Madsen Building | NSW Environment & Heritage

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Heritage

Madsen Building

Item details

Name of item: Madsen Building
Other name/s: Csir National Standards Laboratory
Type of item: Built
Group/Collection: Scientific Facilities
Category: Laboratory (scientific/ research)
Primary address: Eastern Avenue, The University of Sydney, Sydney, NSW 2006
Local govt. area: Sydney

Boundary:

The University of Sydney : Camperdown Campus
All addresses
Street AddressSuburb/townLGAParishCountyType
Eastern Avenue, The University of SydneySydneySydney  Primary Address

Owner/s

Organisation NameOwner CategoryDate Ownership Updated
University of SydneyUniversity 

Statement of significance:

The first National Standards Laboratory in Australia and a centre of scientific excellence. Representative of the CSIR policy to establish laboratories in different places in the Commonwealth where the necessary facilities, contacts and conditions could be found. Representative of the University's links with the wider scientific community and with research of particular benefit to Australia and of financial support given to the University by the Commonwealth. Research conducted by the laboratory was of importance to the war effort in World War II. Externally designed to fit in with its location on the main ridge, many internal features were purpose-designed, specific to the laboratory's research work.
Date significance updated: 15 Jun 16
Note: The State Heritage Inventory provides information about heritage items listed by local and State government agencies. The State Heritage Inventory is continually being updated by local and State agencies as new information becomes available. Read the OEH copyright and disclaimer.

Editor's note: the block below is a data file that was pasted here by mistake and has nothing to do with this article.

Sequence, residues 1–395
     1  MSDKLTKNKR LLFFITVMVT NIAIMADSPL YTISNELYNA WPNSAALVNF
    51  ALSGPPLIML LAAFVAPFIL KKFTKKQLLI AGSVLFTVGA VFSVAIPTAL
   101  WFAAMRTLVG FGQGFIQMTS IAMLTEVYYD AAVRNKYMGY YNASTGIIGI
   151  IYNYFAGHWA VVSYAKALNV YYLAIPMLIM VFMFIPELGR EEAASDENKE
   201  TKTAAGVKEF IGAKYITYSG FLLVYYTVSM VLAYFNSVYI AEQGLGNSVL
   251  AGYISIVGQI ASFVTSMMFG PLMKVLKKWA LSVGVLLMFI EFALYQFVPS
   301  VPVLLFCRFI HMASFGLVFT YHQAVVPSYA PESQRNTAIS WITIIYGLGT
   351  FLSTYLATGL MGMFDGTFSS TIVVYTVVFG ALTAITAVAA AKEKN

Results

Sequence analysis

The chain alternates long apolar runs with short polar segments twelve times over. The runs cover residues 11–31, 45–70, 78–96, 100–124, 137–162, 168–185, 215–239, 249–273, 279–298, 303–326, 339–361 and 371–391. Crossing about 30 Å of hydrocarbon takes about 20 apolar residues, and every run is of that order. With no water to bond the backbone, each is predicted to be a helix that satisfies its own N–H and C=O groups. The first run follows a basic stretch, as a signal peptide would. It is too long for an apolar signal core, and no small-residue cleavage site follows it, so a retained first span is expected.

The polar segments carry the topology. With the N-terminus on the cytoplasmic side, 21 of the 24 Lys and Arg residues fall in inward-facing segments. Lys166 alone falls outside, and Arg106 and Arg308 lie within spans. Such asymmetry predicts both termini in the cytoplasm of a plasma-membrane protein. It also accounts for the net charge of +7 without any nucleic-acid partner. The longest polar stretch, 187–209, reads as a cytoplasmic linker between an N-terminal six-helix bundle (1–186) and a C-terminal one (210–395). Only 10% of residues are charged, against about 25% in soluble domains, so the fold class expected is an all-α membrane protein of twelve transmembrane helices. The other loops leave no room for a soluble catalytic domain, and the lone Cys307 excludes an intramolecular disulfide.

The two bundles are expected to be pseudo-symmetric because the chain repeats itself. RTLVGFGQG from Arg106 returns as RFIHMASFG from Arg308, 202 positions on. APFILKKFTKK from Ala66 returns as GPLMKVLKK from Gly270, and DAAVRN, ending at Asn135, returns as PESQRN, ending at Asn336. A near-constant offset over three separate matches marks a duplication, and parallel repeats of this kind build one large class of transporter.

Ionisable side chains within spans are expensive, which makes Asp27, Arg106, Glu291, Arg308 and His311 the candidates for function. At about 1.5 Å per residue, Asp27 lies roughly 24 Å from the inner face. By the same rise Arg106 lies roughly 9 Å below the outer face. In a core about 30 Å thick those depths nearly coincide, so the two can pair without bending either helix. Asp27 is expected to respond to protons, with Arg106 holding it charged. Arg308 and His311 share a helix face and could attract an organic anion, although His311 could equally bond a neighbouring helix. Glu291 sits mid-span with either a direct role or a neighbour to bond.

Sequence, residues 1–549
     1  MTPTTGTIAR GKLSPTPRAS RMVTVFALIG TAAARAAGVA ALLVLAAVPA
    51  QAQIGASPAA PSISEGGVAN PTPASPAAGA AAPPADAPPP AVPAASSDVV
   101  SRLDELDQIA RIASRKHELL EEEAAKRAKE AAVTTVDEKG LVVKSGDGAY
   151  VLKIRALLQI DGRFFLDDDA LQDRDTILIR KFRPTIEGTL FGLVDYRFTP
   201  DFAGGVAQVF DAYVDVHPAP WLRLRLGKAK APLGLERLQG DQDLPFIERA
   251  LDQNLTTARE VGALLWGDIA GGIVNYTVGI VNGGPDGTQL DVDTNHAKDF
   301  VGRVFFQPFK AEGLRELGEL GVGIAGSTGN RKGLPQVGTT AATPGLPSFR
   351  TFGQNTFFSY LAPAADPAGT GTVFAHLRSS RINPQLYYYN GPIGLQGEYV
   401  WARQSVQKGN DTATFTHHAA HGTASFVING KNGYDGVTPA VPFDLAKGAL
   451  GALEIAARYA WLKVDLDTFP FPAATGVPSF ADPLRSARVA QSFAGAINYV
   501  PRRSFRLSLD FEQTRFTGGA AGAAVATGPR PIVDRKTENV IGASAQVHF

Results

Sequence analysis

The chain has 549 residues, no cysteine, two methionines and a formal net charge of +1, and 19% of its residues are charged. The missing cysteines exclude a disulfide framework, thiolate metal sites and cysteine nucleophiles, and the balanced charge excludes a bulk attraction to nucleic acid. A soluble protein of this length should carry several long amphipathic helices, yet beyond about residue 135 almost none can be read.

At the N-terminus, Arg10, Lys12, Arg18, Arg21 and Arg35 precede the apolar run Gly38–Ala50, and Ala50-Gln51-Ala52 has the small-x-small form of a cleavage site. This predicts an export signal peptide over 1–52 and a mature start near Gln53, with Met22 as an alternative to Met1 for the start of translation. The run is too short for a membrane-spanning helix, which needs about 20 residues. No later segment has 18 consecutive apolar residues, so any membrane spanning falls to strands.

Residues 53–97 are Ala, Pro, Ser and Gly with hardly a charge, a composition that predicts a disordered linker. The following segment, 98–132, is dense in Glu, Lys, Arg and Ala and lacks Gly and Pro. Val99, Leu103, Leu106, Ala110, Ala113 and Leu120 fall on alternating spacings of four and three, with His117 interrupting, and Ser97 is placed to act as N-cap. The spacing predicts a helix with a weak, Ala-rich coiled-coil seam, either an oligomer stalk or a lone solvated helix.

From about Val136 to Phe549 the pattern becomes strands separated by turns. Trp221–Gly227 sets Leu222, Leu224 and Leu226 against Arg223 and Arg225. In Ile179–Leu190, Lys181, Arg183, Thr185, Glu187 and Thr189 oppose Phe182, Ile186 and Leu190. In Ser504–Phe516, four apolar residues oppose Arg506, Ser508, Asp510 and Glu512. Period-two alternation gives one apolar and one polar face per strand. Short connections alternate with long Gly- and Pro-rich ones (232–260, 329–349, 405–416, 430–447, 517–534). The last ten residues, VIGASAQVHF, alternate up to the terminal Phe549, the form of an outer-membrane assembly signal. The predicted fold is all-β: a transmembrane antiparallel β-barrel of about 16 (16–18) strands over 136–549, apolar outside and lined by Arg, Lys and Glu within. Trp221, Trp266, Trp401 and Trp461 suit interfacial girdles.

Description

Designer/Maker: Commonwealth Department of the Interior
Builder/Maker: Unknown
Construction years: 1939-1940
Physical description: A two storey building, constructed in stage to form courtyards or quadrangles. The first stage, with its central tower is constructed of sandstone. Additions to the building (at the rear) are constructed of brick. Although Gothic Revival in inspiration, the detailing and form of the building clearly shows the influence of the Art Deco style, in both the massing and the stripped down detailing. The tower contains arched panels with lancet windows and stone mullions and transoms. The crenellations to the tower are unusual, in that they contain lancet (windows/vents?) and quatrefoils. The upper two levels of the tower have a chamfered corner, accentuating its verticality.

The main facade has a line of mature cedars (?) which may have been planted at the time of construction.
Physical condition and/or
Archaeological potential:
Refer to the 1999 University of Sydney Heritage Fabric Survey.
Date condition updated:19 Aug 00
Modifications and dates: Stages 3 and 4, 1944.
Conversion to University facilities 1979.
Further information: A comparative study of the Commonwealth facilities at the University should be undertaken.
Current use: University Facility
Former use: National Standards Laboratory

History